What Hearing Aids Are Really Like

Two women talking about what hearing aids are really like while having coffee at a table.

Ever ask yourself “what would it actually be like to use hearing aids”? What would your good friend say if you asked honest questions about what hearing aids sound like, what it feels like, and how they really feel about using one? Here’s a description of what hearing aids are like, but if you truly want to understand, come in for a demonstration.

1. Sometimes You Get Feedback

This isn’t the kind of feedback that you get when somebody tells you how they feel about your results. “Feedback “ is a whistling noise that a speaker makes when its microphone picks up the sound produced by the speaker. It causes a sound loop that even advanced speakers like the ones in hearing aids don’t know how to handle.

They may squeal like a speaker in the school auditorium just before the principal speaks.

While this may sound terrible, and it is unpleasant, it is rare when a hearing aid is correctly maintained. You may need to re-fit or replace the earmolds if this keeps happening.

Some state-of-the-art hearing aids have a feedback cancellation system that identifies feedback and stops it in its tracks.

2. You Can Follow Conversations in a Noisy Restaurant

If you have neglected hearing loss, having dinner with your family or friends in a loud restaurant can feel like you’re eating alone. It’s almost impossible to keep up with the conversations. Most of the night, you might wind up just nodding and smiling.

But hearing aids today have some pretty advanced technology that can cancel out background noise. The voices of your family and the wait staff become crystal clear.

3. It Gets a Bit Sticky at Times

When something is not right, your body has a way of reacting to it. Your body will create saliva if you eat something too spicy. You will make tears if something gets in your eye. Your ears also possess a defense system of their own.

Earwax production.

Due to this, earwax buildup can occasionally be a problem for people who wear hearing aids. It’s only wax, thankfully, so cleaning it isn’t a problem. (We can help you learn how.)

Then you’ll just put that hearing aid back in and start enjoying your hearing again.

4. There Are Benefits For Your Brain

You may be surprised by this one. If someone begins developing hearing loss it will slowly affect brain function as it progresses.

Accurately understanding what people are saying is one of the first things to go. Then memory, learning new things, and problem-solving become a challenge.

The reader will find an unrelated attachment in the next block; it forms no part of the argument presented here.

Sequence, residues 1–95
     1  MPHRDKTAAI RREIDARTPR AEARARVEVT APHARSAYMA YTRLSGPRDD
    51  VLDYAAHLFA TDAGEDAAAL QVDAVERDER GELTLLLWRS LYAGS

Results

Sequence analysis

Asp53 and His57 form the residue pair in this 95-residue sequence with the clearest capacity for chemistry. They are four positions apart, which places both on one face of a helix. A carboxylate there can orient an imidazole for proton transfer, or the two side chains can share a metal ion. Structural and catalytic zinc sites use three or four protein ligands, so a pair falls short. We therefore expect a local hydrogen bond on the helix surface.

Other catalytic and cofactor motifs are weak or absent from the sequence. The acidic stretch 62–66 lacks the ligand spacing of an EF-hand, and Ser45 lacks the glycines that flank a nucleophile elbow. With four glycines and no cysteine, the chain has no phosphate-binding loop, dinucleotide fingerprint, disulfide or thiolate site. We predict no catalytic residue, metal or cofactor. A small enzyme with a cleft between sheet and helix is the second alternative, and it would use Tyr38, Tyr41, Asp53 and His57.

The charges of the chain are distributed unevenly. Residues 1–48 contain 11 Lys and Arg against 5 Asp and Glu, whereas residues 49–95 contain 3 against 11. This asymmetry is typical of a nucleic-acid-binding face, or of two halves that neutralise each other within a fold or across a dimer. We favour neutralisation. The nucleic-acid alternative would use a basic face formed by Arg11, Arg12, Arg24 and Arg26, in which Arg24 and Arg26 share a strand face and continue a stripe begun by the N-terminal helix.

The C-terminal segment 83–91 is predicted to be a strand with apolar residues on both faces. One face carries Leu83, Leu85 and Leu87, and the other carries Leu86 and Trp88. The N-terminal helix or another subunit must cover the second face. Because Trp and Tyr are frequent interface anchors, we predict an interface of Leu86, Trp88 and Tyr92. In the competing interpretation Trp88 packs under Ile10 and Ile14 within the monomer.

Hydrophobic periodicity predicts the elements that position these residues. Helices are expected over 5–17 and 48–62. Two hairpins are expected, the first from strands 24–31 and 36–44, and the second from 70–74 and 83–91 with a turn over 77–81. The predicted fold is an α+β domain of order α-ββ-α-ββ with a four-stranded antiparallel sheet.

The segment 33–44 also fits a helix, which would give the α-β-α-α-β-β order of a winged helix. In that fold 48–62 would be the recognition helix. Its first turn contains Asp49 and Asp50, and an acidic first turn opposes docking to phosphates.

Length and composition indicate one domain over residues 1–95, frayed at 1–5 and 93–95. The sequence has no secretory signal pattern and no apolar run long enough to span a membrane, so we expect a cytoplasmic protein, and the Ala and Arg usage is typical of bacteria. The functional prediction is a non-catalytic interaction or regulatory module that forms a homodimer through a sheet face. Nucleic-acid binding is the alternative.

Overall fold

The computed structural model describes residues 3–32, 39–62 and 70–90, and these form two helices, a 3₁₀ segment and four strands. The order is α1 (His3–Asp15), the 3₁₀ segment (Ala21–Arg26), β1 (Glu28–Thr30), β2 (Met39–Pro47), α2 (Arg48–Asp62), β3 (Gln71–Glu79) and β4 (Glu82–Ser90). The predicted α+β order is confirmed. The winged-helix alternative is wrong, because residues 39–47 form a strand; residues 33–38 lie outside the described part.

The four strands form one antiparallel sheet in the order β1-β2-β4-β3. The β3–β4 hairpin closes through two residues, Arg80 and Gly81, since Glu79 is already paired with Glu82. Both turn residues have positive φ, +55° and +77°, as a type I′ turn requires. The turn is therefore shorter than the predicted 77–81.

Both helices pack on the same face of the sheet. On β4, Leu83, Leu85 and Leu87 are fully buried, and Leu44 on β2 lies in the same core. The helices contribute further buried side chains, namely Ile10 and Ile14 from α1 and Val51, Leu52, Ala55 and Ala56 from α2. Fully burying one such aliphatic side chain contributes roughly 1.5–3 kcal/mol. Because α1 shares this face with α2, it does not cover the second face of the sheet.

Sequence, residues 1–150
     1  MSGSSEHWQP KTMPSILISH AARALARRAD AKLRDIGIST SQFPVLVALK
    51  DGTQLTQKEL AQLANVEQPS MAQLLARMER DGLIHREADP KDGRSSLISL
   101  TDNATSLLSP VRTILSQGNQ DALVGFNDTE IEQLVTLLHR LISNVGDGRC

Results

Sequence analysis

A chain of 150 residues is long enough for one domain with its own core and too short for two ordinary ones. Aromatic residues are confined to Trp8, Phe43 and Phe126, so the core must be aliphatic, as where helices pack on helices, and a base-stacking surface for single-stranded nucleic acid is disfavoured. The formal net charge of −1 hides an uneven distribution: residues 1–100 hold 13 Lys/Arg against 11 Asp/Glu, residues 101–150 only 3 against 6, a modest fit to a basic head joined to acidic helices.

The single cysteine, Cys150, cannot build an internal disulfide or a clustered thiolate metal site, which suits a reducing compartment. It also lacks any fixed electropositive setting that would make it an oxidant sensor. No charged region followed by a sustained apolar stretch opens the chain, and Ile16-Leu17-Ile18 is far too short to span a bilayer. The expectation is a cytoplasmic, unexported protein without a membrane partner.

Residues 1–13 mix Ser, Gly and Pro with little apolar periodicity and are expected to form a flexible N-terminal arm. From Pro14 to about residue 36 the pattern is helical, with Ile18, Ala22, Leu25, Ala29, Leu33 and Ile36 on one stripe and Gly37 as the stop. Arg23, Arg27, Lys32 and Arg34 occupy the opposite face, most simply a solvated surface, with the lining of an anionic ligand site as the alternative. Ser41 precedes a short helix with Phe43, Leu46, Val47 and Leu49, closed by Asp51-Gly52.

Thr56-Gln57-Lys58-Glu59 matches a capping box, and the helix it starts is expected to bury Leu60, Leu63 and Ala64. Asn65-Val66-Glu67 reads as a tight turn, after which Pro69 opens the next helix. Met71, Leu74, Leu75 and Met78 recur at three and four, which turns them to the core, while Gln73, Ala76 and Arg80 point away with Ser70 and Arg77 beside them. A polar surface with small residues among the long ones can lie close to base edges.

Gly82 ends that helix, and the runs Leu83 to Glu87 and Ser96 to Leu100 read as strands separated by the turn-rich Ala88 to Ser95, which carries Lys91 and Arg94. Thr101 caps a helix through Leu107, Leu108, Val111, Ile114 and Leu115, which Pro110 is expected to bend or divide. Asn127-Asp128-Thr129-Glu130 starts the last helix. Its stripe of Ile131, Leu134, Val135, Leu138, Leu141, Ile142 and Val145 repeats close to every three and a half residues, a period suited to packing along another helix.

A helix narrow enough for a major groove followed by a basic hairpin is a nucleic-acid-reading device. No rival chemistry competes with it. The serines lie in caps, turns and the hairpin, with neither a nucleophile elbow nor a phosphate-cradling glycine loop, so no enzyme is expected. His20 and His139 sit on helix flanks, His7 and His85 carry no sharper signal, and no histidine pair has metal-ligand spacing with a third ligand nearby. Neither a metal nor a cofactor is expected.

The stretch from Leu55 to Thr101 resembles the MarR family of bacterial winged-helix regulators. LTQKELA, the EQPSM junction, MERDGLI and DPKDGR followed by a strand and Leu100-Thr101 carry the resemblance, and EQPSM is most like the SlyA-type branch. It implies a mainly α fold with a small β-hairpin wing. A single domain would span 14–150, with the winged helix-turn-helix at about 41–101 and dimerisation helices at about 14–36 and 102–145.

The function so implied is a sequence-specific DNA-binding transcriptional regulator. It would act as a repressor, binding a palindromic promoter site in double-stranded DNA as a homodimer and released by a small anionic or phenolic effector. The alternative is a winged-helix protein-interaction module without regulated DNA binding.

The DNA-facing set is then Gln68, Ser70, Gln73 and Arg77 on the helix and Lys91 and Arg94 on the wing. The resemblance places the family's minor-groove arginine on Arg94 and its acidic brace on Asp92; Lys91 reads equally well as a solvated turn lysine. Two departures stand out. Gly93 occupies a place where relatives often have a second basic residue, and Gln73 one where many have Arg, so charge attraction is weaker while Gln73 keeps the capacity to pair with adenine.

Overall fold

This brain atrophy can be slowed by wearing hearing aids as soon as you can. They re-train your brain. They can decrease and even reverse mental decline according to numerous studies. In fact, 80% of people had increased brain function, according to a study carried out by the AARP, after using hearing aids to manage their hearing loss.

5. You Need to Replace The Batteries

Those little button batteries can be somewhat difficult to manage. And they seem to die at the worst times, like when you’re about to find out “whodunnit” in a mystery movie, or just as your friend is telling you the juicy particulars of a story.

But straight forward solutions exist to reduce much of this perceived battery hassle. You can substantially increase battery life by using the right methods. The batteries are small and inexpensive, so it’s easy to carry an extra set in your wallet.

Or, you can buy a pair of rechargeable hearing aids which are available now. Just place it on the charger when you go to bed. Put it back on in the morning. There are also solar-powered hearing aid docks so you can even recharge your hearing aid while out fishing. camping, or hiking.

6. There’s a Learning Curve

The technology of modern hearing aids is rather advanced. It’s much simpler than learning to use a computer for the first time. But it definitely takes a little time for your brain to adjust to new hearing aids and to get the configurations right.

The longer and more consistently you wear hearing aids the better it gets. Try to be patient with yourself and your hearing aids during this transition.

People who have stayed the course and worn their hearing aids for six months or more usually will say it’s all worth it.

This is what it’s really like to use hearing aids. If you want to find out, contact us.



References

https://www.aarp.org/health/brain-health/info-07-2013/hearing-loss-linked-to-dementia.html

The site information is for educational and informational purposes only and does not constitute medical advice. To receive personalized advice or treatment, schedule an appointment.